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Bland diet for dogs: How and when to use them and recipes to try

Experts weigh in on the purpose behind a bland diet for dogs and offer recipes to try with your pup.

Bland diet for dogs: How and when to use them and recipes to try

Many dogs have sensitive stomachs — and even those with digestive systems of steel sometimes ingest something they shouldn’t, leading to vomiting and diarrhea. A bland diet for dogs may help comfort your best friend during these uneasy times.

Dr. Hilary Evans, an emergency veterinarian from the Charleston Veterinary Referral Clinic in Charleston, South Carolina says that the best idea is to keep the dog off food — while providing plenty of water to keep him hydrated — for at least twelve hours after the onset of vomiting or diarrhea.

After that, you can start introducing a simple, bland diet. “For a little dog, we would do maybe a teaspoon, and see if they’ll eat and hold it down,” she says. If the dog can keep food down, feed smaller, more frequent meals of the bland diet until the dog is back to normal.

Interestingly, there’s little evidence that a bland diet for dogs really helps or cures anything, says Dr. Richard Hill, a professor at the University of Florida College of Veterinary Medicine, although it can’t hurt, either. “Many aspects of that have now been questioned,” he says. “The only consistent thing is to make sure the dog stays properly hydrated.”

Dr. Evans suggests chicken breast or hamburger, boiled and skimmed of fat, mixed with white or brown rice. You can also use fish or eggs for protein, and give potatoes or oatmeal to dogs that turn up their noses at rice. All of these are low in stomach-upsetting fat, are highly digestible and are unlikely to irritate a digestive system that is already in revolt.

Looking for ideas for a bland diet for dogs? Here are some recipes to try.

1. Homemade chicken and rice with veggies

Homemade chicken and rice with veggies

Homemade Dog Food has a chicken and rice recipe that includes supplements (check with your vet before giving these to your dog) and makes a big batch, which you can freeze and have ready for the next time you need a bland diet for dogs. Bones provide extra calcium and minerals, and veggies provide vitamins as well as fiber, which can help your dog produce more formed stools.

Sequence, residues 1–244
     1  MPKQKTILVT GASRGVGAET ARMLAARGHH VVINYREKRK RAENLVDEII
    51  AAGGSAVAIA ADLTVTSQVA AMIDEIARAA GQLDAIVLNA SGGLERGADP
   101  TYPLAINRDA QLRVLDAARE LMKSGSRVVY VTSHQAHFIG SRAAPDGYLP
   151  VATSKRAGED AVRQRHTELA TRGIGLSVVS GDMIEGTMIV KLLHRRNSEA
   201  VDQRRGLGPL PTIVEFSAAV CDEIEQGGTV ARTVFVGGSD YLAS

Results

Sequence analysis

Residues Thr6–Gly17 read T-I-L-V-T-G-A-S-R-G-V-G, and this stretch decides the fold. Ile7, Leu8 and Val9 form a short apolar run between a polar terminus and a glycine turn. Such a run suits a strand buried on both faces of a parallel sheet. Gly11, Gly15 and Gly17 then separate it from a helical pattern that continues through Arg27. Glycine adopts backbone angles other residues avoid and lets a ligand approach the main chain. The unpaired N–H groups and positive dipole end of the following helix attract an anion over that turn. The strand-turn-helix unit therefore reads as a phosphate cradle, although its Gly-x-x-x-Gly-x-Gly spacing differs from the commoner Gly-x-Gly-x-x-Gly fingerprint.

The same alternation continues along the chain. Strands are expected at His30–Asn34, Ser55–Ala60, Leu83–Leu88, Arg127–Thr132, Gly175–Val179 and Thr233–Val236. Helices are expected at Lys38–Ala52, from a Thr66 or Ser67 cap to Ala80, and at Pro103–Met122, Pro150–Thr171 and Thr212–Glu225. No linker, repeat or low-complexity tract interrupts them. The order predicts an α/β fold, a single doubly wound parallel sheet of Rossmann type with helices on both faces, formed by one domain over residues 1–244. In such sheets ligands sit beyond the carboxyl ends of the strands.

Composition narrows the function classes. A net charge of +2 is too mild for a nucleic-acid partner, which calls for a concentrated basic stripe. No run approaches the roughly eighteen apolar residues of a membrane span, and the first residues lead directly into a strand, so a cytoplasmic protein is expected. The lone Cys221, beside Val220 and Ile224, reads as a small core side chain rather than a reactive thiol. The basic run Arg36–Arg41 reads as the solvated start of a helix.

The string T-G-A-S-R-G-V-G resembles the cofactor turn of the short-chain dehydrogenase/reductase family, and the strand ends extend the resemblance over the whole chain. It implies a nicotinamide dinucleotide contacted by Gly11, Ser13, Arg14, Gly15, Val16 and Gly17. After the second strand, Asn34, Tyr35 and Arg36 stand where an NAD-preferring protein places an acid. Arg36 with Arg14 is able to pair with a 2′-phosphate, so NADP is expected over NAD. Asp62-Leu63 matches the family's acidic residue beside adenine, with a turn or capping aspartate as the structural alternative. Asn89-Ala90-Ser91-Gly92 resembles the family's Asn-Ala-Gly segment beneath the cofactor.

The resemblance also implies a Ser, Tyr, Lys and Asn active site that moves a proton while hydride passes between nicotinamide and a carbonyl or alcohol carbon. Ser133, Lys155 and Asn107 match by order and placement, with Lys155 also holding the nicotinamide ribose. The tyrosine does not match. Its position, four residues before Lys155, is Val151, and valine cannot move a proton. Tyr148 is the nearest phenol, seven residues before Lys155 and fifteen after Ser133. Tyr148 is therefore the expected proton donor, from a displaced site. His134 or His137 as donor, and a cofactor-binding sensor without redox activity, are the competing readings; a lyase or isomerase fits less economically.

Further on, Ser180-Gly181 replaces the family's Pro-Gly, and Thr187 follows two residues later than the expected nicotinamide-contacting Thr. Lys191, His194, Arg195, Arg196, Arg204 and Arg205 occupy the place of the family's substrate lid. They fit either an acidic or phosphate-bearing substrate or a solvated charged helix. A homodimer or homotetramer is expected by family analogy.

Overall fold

2. Hamburger and rice

Hamburger and rice

Greenbrier Animal Hospital in Fairfax, VA suggests the classic hamburger and rice combo. Hamburger is easy both for you to cook and for your dog to chew — and all dogs love beef, so that should make it easier for your buddy to swallow.

3. Fish and sweet potatoes

Fish and sweet potatoes

The Nest suggests that dogs could try a raw diet of fish or meat, veggies, and dairy or eggs. This fish and sweet potato recipe could be a good way to transition from a typical bland diet to what your dog normally eats. Fish (especially white fish) is quite digestible, and many dogs love it, which can give a dog who’s off her feed enticement to eat. Sweet potatoes are nutritional powerhouses, and they’re quite mild on the dog’s stomach.

4. Healing mash with canned pumpkin

Healing mash with canned pumpkin

Everyday Roots uses a “healing mash” with canned pumpkin that can help your dog form firmer stool after a diarrhea bout and yogurt to establish healthy gut bacteria.

5. Meat, veggies or fish bland diets

Meat, veggies or fish bland diets

A post from Stanford University’s website has bland diet recipes for dogs that contain veggies, chicken and hamburger dinners. Dogs with upset stomachs may welcome well-cooked, easy-to-digest vegetables instead of or in addition to meat.

Both Evans and Hill caution that bland diets are not suitable for the long term because they don’t offer balanced nutrition for dogs. In fact, most commercially prepared dog foods are fine. There are even commercially prepared bland diets for dogs available through your veterinarian, if you don’t want to break out the skillet yourself.

You should feel free to try a bland diet as a home remedy, but if your dog won’t eat, is showing signs of dehydration or is still having troubles after a couple days, it may be a sign of a serious illness. You know your dog best — if something seems off, get her to the vet.